spider monkey (Ateles fusciceps
ssp. fusciceps
) (Peck et al., 2010), and the black-breasted
puffleg hummingbird (Eriocnemis nigrivestis
) (Jahn, 2008). It is also home to hundreds
of other endangered species from birds to frogs to orchids (Tables 1–4 and Appendices
1–6), and includes Important Bird and Biodiversity Areas (Figure 1B). Two of the
reserves, Los Cedros and El Chontal, share a border with the nationally protected
Cotacachi-Cayapas Ecological Reserve.
Figure 3. Maps showing the extent of the mining concessions and overlap with Bosques
Protectores and Indigenous lands in the region around the Cotacachi-Cayapas Ecological
Reserve. A. The Indigenous Awá lands (yellow) are to the north and are covered by
almost 70% concessions, indicated in darker yellow; indigenous lands are discussed in a
different publication (Vandegrift et al. 2017). All the Bosques Protectores under
discussion herein are to the S of Cotacachi; they are dark green, unless covered by a
concession, then they are brown. B. An expanded panel of the Intag Valley showing the
smaller reserves in blue.
Data Collection:
Species lists were assembled for all the reserves for mammals, birds, amphibians, and
reptiles (Appendices 1–4). The orchids were assembled for the two reserves with
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specimen vouchered data (Maquipucuna and Los Cedros, Appendix 5), and a partial list
of plants was assembled for Los Cedros, primarily from published papers, but also
including some previously unpublished data (Appendix 6). Nomenclature follows that of
the Tropicos (2017) plant database.
To assemble the bird table, we used records from eBird for each of the localities for
which these lists existed (Los Cedros (eBird, 2017c), La Florida (eBird, 2017b),
Maquipucuna (eBird, 2017d), Mashpi (eBird, 2017e), and El Refugio (eBird, 2017a).
eBird is vetted by local experts who verify the occurrences, and it uses a standardized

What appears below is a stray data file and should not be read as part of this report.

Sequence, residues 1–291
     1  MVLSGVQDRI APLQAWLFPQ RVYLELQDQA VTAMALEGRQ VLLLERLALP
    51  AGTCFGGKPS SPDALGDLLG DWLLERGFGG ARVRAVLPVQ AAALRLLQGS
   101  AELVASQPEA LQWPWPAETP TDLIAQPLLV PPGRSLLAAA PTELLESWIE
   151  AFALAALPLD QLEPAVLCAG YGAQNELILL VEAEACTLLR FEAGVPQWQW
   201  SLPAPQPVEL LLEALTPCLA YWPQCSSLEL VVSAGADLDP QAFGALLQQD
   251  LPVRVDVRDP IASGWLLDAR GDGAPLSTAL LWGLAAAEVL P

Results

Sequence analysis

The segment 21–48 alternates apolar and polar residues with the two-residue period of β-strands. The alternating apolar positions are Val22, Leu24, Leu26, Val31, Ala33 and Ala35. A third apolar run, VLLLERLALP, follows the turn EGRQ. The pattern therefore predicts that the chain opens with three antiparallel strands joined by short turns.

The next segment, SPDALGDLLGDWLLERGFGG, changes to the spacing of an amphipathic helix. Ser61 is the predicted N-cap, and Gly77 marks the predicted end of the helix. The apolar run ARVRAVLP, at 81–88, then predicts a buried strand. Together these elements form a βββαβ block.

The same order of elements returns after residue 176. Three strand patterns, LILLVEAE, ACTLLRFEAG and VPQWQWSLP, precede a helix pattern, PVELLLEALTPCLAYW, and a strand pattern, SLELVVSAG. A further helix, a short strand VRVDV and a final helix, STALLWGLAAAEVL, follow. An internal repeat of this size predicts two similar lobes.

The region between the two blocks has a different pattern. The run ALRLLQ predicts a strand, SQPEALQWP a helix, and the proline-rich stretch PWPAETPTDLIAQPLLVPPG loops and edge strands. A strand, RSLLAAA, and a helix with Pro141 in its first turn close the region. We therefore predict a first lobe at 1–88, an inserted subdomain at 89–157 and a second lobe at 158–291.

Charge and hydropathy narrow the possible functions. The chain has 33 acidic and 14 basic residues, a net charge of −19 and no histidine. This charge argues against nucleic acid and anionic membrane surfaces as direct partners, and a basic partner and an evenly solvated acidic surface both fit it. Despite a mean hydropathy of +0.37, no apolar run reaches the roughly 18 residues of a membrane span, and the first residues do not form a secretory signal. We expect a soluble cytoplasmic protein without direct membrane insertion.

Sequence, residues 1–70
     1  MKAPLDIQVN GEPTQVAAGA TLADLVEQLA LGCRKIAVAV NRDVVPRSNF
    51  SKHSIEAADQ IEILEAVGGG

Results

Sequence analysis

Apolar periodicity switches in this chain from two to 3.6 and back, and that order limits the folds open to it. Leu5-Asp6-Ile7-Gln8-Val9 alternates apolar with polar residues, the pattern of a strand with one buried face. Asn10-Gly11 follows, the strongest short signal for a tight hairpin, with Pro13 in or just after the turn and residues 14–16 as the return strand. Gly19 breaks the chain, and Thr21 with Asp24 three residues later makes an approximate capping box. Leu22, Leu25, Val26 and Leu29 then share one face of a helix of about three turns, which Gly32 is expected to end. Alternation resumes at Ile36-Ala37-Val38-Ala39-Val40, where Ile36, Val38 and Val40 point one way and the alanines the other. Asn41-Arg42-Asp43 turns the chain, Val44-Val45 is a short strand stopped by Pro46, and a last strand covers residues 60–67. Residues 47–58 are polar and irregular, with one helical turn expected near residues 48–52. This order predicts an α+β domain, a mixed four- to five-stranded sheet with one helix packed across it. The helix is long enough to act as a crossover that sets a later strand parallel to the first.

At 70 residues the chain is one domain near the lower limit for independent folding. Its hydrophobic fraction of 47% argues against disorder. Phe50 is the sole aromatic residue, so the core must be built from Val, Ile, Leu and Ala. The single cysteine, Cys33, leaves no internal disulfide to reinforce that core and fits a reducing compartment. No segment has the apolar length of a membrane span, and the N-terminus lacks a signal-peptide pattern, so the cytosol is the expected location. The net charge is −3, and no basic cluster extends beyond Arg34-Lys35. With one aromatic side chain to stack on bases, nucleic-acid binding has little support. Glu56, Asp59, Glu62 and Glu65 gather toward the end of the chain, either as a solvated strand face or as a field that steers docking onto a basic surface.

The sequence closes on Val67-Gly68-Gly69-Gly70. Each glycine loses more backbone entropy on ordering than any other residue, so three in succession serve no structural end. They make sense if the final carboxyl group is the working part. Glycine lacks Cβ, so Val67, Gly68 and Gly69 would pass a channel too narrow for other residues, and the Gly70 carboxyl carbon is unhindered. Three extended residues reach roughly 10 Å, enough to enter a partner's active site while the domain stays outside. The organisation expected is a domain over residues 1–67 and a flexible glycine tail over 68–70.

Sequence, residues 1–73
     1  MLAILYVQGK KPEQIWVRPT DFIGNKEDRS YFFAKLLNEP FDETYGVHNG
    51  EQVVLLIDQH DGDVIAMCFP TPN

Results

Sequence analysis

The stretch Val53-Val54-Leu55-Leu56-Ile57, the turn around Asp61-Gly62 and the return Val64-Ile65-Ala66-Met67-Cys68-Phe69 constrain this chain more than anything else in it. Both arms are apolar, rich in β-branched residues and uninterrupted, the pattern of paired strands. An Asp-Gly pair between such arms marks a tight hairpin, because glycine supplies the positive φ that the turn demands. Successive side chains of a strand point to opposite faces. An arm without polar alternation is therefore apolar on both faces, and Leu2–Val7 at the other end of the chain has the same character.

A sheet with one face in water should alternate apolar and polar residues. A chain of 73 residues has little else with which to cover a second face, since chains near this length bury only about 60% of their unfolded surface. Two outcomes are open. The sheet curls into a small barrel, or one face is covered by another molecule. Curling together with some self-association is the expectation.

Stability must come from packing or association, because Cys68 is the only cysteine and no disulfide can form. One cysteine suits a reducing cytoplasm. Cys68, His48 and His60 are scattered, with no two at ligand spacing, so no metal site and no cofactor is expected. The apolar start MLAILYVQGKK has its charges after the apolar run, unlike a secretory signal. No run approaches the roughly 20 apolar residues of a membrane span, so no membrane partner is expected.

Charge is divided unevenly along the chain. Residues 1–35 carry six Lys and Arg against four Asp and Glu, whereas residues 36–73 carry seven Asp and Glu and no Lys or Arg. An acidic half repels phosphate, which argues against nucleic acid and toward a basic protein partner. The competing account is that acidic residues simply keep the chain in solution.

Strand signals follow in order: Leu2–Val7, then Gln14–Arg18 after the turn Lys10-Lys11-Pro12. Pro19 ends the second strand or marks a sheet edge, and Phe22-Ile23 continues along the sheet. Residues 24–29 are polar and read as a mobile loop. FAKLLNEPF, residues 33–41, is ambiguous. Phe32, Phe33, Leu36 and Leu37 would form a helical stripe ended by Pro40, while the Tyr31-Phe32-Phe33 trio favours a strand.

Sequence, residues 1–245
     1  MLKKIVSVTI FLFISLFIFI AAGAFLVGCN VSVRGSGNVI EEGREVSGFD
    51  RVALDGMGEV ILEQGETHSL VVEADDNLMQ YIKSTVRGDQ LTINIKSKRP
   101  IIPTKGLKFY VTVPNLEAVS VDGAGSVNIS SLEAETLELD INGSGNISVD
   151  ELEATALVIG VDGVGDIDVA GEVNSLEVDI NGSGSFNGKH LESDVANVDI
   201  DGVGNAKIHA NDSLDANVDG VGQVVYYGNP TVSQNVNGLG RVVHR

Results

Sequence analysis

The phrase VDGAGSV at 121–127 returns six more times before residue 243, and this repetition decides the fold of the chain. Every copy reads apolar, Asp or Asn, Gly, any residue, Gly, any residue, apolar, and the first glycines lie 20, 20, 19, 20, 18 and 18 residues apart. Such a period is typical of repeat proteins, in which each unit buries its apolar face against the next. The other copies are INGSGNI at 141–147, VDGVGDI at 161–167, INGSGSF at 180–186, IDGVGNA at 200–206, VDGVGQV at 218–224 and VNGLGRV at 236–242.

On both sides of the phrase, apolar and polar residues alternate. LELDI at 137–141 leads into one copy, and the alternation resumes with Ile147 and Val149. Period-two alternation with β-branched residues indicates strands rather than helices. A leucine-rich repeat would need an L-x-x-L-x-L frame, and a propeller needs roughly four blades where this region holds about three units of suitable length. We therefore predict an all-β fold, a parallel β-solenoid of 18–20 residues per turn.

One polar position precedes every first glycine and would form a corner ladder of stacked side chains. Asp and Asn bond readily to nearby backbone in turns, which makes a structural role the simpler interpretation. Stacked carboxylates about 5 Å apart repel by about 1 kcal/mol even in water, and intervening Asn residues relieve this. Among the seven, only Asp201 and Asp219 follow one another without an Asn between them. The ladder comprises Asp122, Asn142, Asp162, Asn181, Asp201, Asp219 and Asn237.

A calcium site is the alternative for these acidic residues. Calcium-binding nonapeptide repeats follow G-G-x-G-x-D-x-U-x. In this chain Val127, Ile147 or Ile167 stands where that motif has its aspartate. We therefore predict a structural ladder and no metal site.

format. We added in any published bird data found, if it was not yet in eBird, and
additional data from the reserve managers at La Florida and El Refugio. For bird
common names in English, we used eBird, for common names in Spanish we used the
Lista de las Aves del Ecuador
(J. F. Freile et al., 2015-2017). To assemble the other
species lists we used reserve records when backed up by photos, videos, or experts, and
to search for publications we used the reserve names as keywords in Google Scholar,
Web of Science, and the Google search engine. We also searched for protected area place
names in the excellent online databases for amphibians (Ron, Yanez-Muñoz,
Merino-Viteri, & Ortiz, 2017), reptiles (Torres-Carvajal, Pazmiño-Otamendi, &
Salazar-Valenzuela, 2017), and mammals (Brito, Camacho, Romero, & Vallejo, 2017)
produced by the Museo de Zoología, Pontificia Universidad Católica del Ecuador
(PUCE). We used the Spanish common names for all animals from these databases, and
the English common names from either the Museo de Zoología websites or IUCN (2017).
To assess rarity:
We used a combination of international and national (Ecuadorian) databases. For birds
and animals, we used the IUCN Red List of Threatened Species
(IUCN, 2017), and for the
plants, the Tropicos database (Tropicos, 2017). Since the international databases are not
updated as regularly as the Ecuadorian Red lists as cited in the Museo de Zoología
databases (Brito et al., 2017; Ron et al., 2017; Torres-Carvajal et al., 2017), we give both
assessments when they differ, with the national red list proceeding that of the IUCN in
our lists. Most of the rare species in Ecuador are endemics that do not occur anywhere
else, so the Ecuador Red list is usually the most accurate rarity assessment. All the
databases use the IUCN graduated system of rarity (IUCN, 2017), ranging from least
threatened to extinct: NT=near threatened, VU=vulnerable to extinction,